To say this has been an eventful year for Pope Benedict XVI would be an understatement. So many significant and surprising papal moments have taken place in 2006 — the Holy Father’s first full year as Pope — that to do them all justice might require writing a book, not a newspaper article.
But it is possible to briefly examine the most significant events, both in terms of defining Benedict’s papacy so far and in providing clues regarding its future direction.
A natural place to start is the Pope’s lectio magistralis at
“The Pope demonstrated at
Three months later, debate still continues as to whether the Holy Father was aware of the consequences of his speech. Some maintain that he misjudged the reaction in parts of the Islamic world, while for those who know him, such as Weigel, believe it is “absurd to suggest that a 79-year-old certifiable genius didn’t know what he was doing.”
Certainly, it’s doubtful the Pope’s visit to
At the same time, he advanced the cause of religious freedom and significantly advanced prospects of unity with the Orthodox Church.
Benedict XVI’s simple,
humble and innocent approach — evident in
And although some criticized his omission to condemn anti-Semitism there, his choice of words and depth of his speech were a highlight of the papal year for some observers.
“It was an extraordinary speech, rich in theology,
spirituality and personal testimony to the horrors that took place,” said
Father Vincent Twomey, a moral theology professor at
St. Patrick’s College in
Elsewhere, the Pope has slowly but surely continued
to put his stamp on the
He appointed a pastorally and doctrinally oriented secretary of state, Cardinal Tarcisio Bertone.
Interreligious dialogue isn’t an attempt to find common ground, as ecumenical dialogue is, but an attempt to co-exist with decorum. So Pope Benedict put Cardinal Paul Poupard, president the Pontifical Council for Culture since 1988, in charge of the Pontifical Council for Interreligious Dialogue.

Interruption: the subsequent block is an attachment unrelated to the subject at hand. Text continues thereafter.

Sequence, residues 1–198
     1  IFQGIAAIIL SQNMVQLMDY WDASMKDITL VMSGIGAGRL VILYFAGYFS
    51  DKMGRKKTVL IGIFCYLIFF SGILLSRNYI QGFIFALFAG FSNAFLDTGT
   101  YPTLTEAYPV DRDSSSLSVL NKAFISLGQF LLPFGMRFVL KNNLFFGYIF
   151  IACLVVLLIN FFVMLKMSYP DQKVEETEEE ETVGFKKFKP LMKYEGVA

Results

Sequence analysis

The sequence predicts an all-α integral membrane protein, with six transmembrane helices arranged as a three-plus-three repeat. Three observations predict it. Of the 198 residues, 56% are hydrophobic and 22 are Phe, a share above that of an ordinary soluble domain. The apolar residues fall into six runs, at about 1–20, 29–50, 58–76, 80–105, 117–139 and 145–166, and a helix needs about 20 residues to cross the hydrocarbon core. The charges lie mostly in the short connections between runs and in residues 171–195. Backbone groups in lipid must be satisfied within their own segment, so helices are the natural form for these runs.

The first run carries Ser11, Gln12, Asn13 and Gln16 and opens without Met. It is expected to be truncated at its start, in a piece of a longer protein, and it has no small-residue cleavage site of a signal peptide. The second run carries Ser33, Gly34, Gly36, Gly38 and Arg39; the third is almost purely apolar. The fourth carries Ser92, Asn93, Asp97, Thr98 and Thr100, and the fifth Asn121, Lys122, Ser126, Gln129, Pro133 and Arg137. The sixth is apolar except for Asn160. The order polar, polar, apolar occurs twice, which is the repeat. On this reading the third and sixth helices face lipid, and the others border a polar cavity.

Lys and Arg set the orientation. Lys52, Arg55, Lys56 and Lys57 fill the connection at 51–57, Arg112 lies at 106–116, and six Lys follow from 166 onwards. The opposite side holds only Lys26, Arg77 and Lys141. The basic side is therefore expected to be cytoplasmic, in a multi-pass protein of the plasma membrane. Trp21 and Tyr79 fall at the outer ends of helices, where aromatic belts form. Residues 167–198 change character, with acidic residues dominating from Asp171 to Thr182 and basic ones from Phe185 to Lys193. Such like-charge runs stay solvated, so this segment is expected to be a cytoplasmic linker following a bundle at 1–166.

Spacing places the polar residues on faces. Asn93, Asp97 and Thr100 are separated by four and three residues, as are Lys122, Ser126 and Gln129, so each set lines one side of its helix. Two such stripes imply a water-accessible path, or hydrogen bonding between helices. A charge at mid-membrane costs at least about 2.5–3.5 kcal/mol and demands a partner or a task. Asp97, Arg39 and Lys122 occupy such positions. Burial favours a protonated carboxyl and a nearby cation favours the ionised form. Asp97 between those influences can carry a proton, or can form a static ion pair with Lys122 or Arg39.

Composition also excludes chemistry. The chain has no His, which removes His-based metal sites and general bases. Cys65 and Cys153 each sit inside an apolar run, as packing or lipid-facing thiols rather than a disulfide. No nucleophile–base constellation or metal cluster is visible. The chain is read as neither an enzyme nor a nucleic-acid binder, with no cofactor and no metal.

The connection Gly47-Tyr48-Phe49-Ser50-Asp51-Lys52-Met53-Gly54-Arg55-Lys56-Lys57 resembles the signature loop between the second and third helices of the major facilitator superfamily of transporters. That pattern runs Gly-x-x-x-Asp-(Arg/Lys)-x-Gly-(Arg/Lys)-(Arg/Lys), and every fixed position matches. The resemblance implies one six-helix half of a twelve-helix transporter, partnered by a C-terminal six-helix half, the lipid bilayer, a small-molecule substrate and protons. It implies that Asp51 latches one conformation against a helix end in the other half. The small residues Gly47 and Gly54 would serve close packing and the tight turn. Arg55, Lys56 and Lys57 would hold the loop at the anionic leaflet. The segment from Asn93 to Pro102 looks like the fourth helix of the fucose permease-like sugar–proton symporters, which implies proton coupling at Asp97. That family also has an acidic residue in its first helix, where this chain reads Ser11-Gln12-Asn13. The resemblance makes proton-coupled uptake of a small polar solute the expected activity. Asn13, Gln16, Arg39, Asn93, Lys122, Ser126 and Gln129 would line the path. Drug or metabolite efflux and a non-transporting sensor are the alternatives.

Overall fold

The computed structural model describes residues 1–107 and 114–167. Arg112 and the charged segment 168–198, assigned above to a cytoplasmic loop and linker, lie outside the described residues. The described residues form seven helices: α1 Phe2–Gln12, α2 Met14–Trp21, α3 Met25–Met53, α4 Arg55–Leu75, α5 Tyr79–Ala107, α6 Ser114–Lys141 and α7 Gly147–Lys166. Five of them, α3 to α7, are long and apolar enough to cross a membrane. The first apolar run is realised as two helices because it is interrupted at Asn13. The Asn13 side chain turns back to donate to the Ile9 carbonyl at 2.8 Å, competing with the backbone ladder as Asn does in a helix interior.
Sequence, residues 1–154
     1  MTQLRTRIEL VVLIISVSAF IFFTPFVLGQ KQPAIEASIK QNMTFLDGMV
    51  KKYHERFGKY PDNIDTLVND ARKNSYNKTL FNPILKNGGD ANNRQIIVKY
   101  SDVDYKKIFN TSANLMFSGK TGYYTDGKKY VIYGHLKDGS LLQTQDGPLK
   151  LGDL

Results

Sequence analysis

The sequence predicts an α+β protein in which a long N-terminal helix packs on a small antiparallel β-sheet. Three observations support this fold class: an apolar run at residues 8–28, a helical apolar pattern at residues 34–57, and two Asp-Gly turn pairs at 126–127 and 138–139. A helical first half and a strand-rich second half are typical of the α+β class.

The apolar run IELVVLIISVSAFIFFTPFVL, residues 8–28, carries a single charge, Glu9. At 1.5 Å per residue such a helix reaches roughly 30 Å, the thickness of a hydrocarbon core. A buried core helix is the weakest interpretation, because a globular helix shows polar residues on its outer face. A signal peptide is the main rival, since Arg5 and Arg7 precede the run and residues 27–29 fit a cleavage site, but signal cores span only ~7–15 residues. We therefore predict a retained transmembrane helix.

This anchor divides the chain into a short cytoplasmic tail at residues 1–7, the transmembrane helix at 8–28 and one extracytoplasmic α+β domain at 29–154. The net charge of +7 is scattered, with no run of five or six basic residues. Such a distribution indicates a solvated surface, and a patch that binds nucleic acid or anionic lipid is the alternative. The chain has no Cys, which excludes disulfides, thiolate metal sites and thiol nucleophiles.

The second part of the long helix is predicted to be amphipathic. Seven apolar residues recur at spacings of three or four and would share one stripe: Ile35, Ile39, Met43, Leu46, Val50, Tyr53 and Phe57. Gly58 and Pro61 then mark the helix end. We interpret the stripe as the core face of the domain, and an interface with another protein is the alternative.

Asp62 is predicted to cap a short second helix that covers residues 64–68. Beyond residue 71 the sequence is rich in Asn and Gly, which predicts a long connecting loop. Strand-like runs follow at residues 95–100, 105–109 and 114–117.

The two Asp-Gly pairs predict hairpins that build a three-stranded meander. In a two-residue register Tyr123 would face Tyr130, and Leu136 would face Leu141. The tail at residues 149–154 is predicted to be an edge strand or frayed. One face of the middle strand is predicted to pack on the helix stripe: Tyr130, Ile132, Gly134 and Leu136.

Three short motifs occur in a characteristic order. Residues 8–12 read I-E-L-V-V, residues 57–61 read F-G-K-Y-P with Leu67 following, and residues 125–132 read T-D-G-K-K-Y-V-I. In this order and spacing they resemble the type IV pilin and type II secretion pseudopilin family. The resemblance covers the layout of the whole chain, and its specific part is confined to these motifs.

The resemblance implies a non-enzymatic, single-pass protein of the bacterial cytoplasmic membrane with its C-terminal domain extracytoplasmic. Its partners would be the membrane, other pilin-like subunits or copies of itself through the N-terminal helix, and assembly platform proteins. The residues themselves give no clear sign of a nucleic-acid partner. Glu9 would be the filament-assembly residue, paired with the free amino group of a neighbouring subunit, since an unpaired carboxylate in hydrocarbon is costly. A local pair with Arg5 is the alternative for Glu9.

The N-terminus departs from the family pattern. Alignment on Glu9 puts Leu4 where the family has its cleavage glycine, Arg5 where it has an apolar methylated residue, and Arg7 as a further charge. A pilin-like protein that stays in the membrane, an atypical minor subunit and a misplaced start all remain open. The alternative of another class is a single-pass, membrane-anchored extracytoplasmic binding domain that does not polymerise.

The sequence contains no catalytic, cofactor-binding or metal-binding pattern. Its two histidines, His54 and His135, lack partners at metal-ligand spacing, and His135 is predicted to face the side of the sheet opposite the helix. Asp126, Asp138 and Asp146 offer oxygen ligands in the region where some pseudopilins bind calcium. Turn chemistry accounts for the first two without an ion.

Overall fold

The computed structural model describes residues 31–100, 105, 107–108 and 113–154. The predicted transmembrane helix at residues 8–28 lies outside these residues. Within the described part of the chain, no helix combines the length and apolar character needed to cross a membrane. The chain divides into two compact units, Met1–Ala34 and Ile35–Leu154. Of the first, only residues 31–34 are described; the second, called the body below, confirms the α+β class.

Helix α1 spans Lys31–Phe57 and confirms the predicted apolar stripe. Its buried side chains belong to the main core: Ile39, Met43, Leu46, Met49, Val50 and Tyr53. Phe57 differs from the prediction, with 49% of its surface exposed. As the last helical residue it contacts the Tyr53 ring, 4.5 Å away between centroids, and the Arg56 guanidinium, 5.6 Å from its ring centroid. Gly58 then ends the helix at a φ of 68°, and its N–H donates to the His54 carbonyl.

“He has made interreligious dialogue more real,” said Weigel. “The Pope has shown that you can raise all the hard issues without being aggressive, and raise them in a way that cuts to their theological roots, and that’s very important.”
Benedict made several other key appointments.
Despite the risks of upsetting Beijing, he appointed the Archbishop of Hong Kong, Joseph Zen, to the College of Cardinals; he brought in a media-skilled Jesuit, Father Federico Lombardi, as the new Holy See press spokesman; he named Indian Cardinal Ivan Dias as prefect of the Congregation for Evangelization; and he chose a former friend of liberation theology, Cardinal Claudio Hummes, as the new prefect of Congregation for the Clergy.
At the same time, Benedict XVI has also continued to
write and speak in ways that change hearts and draw crowds, particularly in
“It’s wonderful to see how much Italians have taken
Pope Benedict to their hearts — more so, I think, than with John Paul II,” says
“Of course, they had great respect for John Paul II and were proud to have him as ‘their’ pope, but they have certainly taken to Benedict in a big way.”
Edward Pentin writes from